We expect the announced general increases will be higher than those of 2019 (on average, 5.6% compared with 5.2%) but still some way of the general increases in 2013 and 2014 (see chart 3). However, we believe that it is likely that rate increases at this level will continue at the 2022 renewal. We believe we will see very few, if any, clubs returning premium or capital to members in 2020-2021.
Will The Credit Benefits Of Diversification Show Themselves In 2020?
We expect those clubs with more diversified books of business to outperform those clubs where most of their premium base comes from mutual P&I business in 2020-2021. Clubs that write material books of hull and energy business will, in our opinion, be more able to offset this year's significant losses from the pool with profits from their mutual lines of business. Hull lines in particular have seen significant rate increases since Lloyd's began its "decile ten" work that led to significantly reduced capacity in the hull and cargo markets. Many Scandinavian marine insurers have seen significant growth in these areas, which we expect will contribute positively to the bottom line in 2020-2021, with further rate increases likely in 2021. While hull- and marine-related energy lines mean diversification for P&I clubs, we do not give any explicit credit in our competitive position assessment for these lines, because we consider all marine-related. However, clubs with significant nonmutual P&I books are somewhat less exposed to the pool's fortunes. We believe the pool is a large contributor to sector volatility and is one of the key reasons we score most of the clubs as having a moderately high risk exposure score (only two of the 13 are scored at moderately low: Gard and Skuld). We will continue to monitor the clubs' exposure to the pool both in terms of their pool share and mitigating lines as part of our risk exposure analysis.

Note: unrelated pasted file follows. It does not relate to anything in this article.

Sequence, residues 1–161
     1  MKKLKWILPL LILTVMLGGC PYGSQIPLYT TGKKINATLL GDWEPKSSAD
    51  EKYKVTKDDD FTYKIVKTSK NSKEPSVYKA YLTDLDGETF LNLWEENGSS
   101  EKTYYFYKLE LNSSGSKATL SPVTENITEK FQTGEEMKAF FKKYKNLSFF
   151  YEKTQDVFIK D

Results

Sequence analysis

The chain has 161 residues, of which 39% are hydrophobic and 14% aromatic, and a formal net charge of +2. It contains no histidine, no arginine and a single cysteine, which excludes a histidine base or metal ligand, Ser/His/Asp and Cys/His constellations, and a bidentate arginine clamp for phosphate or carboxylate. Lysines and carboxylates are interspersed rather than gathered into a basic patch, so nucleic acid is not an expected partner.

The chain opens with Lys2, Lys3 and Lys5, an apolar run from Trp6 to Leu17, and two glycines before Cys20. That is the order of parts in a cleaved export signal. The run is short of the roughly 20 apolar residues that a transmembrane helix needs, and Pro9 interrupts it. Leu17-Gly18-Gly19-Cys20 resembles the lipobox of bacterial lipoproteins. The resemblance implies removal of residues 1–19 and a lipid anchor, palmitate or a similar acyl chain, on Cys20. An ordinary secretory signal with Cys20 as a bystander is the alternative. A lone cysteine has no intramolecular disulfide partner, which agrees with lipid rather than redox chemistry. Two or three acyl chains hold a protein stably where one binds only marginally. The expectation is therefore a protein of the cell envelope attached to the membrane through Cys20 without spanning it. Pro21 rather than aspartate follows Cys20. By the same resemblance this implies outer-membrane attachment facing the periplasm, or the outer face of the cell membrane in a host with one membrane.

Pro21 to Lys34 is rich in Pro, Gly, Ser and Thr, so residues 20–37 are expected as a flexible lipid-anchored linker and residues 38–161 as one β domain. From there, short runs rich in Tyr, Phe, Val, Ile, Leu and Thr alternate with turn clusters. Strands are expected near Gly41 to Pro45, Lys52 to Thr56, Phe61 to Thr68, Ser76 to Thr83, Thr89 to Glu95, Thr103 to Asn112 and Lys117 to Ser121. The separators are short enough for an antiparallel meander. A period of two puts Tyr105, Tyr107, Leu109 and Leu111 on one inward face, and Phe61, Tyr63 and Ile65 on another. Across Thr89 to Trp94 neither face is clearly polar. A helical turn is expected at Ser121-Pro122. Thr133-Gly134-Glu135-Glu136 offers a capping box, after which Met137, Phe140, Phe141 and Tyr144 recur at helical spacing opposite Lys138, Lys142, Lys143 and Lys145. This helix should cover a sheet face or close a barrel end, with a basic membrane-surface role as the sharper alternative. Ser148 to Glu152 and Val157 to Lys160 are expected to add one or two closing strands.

Rating Actions So Far In 2020, And What Lies Ahead
We took only one rating action on the 13 P&I clubs we rate in the past 12 months. In June 2020, we revised our outlook on Standard Club to negative from stable while affirming our 'A' rating. The club's technical performance had underperformed its peers and relative to our expectations and so placed our competitive position assessment under pressure. We believe the club's ability to improve its technical performance over 2020-2022 is a key credit risk.
Of our other ratings, The London Club remains at 'BBB' with a negative outlook as its operating performance continues to lag that of the sector. And contrary to the sector trend, our 'BBB+' rating on Japan Club remains on positive outlook reflecting the club's growing capital strength and recent good relative operating performance. While our other P&I ratings are on stable outlook, the sector's operating environment remains challenging and the outlook for the sector overall, negative. While most clubs continue to enjoy strong capital bases, often with buffers above the 'AAA' level, continuing high combined ratios could stress some competitive position scores within our rating framework.
We recognize that the clubs function as genuine mutuals of their owner-members rather than as profit-maximizers. Nevertheless, our competitive position scoring is an assessment of an insurer's market power and its ability to influence pricing conditions in their market. Significantly, we believe clubs recognize the need to improve technical performance. In 2020-2021, we will look for their ability to realize this aim. Given the competitive pressures between clubs and the shipping sector's wider issues, this could prove difficult.
This report does not constitute a rating action.
|Primary Credit Analyst:||Robert J Greensted, London + 44 20 7176 7095;|
|Secondary Contact:||Mark D Nicholson, London (44) 20-7176-7991;|
|Research Assistant:||Patricia maria Santos, London|